Cape Breton’s Beolach Is Keeping Celtic Folk Music Alive

Meet the Nova Scotia band carrying the torch.

On Cape Breton, on the easternmost tip of Nova Scotia’s Atlantic shores, folk music serves as a way to connect islanders with their Scottish roots and for Cape Breton’s musicians to connect with an ever-changing Scotland.

“As Cape Bretoners, the shared history we have with Scotland is something we think about on a daily basis,” says Mac Morin, piano player with Cape Breton Celtic folk stalwarts Beolach. “I mean, some of the place names here are the same as they are in Scotland. It’s really hard to escape it when you’re getting slapped in the head with it every time you drive down the road.”

Cape Breton has been steeped in traditional Celtic folk music, imported directly from the highlands and islands of Scotland, ever since the first waves of Scots fleeing the Highland Clearances and seeking a new life in the Americas lapped up on its shores in the late 18th century.

“We know our culture came over with those first peoples,” Morin says. You can’t put much on a boat for the journey—but they did have their culture, and it was a living culture. The language, and the dancing, and the playing—that was part of their life. That’s what helped them get through being in a new place.”

“The smaller the place you’re from, the more you’re going to put into keeping something alive,” says Mairi Rankin, one of Beolach’s fiddle players and native of Mabou whose mother came to Cape Breton from North Uist in Scotland’s Outer Hebrides. “The island was an island until 1955 when the causeway was built. Nothing changed, you know. That culture and language was kept as true to form as possible.”



In that spirit of preserving the culture down through the generations in its purest form without dilution or variation, folk music on Cape Breton can sometimes tend toward the dogmatic, with audiences appreciating that rules are rules for a reason.

“Those concerts in Mabou were the hardest things in the world to play at because you had the fussiest audience,” Morin says. “They all knew what the tune was supposed to sound like, and they didn’t want you stepping outside that line, and then they’d tell you if you’re going too fast. Those were the things that helped you stay within the white lines of the road.”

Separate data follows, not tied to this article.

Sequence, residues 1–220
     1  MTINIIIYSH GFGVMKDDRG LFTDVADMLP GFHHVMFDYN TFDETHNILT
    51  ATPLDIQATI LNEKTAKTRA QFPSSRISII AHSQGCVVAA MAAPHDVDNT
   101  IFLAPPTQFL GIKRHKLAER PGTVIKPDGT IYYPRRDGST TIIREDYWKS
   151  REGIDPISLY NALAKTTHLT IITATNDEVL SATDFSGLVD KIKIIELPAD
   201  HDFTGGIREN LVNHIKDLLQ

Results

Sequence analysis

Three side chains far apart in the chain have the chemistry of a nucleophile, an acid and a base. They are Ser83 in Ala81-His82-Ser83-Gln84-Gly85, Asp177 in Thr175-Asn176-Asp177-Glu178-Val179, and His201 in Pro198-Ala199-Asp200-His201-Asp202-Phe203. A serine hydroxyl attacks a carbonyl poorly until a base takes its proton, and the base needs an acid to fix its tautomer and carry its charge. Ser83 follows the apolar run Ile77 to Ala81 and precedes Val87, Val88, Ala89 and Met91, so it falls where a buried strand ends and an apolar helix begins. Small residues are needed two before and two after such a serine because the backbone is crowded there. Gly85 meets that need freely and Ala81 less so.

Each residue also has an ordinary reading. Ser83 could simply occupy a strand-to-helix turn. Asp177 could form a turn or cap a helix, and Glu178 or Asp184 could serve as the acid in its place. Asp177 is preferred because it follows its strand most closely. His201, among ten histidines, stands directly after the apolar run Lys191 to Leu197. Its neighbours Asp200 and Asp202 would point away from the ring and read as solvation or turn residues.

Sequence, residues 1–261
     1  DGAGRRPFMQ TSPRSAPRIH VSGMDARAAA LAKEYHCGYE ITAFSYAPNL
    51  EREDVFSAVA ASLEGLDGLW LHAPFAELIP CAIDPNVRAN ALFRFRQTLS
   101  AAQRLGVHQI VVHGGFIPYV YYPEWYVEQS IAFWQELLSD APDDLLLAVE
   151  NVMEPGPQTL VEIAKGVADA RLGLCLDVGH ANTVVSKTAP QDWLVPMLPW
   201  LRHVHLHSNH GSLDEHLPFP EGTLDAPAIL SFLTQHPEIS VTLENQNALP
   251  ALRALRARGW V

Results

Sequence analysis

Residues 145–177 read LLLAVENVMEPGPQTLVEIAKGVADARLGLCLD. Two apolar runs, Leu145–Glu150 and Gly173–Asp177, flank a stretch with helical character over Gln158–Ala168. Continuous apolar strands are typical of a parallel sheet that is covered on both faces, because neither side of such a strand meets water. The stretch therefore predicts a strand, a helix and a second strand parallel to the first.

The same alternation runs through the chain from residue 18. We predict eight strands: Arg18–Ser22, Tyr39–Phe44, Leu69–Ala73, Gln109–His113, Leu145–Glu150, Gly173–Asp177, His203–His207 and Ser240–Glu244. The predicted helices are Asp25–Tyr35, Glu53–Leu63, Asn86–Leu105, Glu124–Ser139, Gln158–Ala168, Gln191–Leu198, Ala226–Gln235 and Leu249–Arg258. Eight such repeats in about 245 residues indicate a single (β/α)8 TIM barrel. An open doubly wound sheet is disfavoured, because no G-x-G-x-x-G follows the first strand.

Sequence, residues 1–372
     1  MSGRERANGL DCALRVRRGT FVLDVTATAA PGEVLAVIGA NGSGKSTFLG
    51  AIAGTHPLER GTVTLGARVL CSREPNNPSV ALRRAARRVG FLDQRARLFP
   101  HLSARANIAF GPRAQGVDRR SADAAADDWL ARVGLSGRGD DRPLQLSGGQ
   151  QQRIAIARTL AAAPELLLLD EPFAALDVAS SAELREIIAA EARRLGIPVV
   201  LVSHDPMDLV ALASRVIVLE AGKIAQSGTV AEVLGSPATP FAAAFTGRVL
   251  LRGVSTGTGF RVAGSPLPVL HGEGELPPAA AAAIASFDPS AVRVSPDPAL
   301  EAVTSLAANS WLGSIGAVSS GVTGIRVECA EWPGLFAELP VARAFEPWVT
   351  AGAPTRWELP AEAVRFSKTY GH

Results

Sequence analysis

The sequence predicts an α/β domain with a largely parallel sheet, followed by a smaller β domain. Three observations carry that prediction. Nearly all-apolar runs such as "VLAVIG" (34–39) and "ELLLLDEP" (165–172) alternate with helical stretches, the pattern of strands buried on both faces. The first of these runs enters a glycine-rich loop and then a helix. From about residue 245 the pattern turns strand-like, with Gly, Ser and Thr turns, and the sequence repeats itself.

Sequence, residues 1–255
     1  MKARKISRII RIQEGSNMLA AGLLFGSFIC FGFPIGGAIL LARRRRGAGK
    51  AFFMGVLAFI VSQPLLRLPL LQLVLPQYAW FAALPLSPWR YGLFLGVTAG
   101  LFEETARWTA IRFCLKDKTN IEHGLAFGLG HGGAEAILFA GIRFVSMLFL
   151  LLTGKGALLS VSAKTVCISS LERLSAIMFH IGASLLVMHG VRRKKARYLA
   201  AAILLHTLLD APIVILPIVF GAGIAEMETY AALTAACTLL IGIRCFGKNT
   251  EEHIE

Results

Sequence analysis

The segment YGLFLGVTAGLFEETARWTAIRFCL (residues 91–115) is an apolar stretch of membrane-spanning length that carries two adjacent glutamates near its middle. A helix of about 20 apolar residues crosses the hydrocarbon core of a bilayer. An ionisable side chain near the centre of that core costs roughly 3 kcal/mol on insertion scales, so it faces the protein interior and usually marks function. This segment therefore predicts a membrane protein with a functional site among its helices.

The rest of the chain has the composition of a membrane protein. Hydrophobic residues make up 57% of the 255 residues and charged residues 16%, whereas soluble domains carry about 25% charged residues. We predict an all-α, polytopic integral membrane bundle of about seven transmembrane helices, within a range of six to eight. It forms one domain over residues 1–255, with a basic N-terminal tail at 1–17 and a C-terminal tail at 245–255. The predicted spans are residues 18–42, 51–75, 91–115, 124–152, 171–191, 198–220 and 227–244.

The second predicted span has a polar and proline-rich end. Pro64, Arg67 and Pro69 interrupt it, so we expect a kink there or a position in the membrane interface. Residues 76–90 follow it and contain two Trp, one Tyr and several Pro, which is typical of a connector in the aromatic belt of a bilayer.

“There are these kind of unspoken ‘guidelines’ that you don’t move too much,” Rankin explains. “There’s an allowance for this and that, but for that Cape Breton sound and style, there’s check marks that you have to keep within. It’s funny, sometimes people from home can be your biggest fans, and that does keep us in line. You can try something new, and they’ll be like ‘mmhmm,’ so you just go back to the old King George sets, and they’ll love that as much.”

Wendy MacIsaac, the other half of Beolach’s fiddle duo, says, tentatively, “People outside of Cape Breton definitely have more… enthusiasm. People don’t clap along to the music ever. They tap their foot quietly along as you go from one tune to the next. You might hear a little ‘yeo!’ coming from the back of the hall—that’s your pat on the back.



Folk music travels have often taken Beolach back to their ancestral homeland, where they have sometimes found the changing face of Scottish folk music to be at odds with the folk scene back home.

“A lot of the young Scottish bands are bringing lighting rigs on the road now. All of that is propelling them into a whole different league of playing, and festivals, and whatnot. Playing at Ceòlas in South Uist though, that felt pretty close to home with that kind of close-knit community. You could just pick up all those people and drop them on Cape Breton,” Rankin says. “It’s crazy, but it all comes down to learning tunes at the end of the day.”

As Scotland’s contemporary traditional music scene spins off on its own journey, Beolach and the musicians of Cape Breton are keeping the tradition alive in its purest form—the way generations of Cape Bretoners have done for centuries.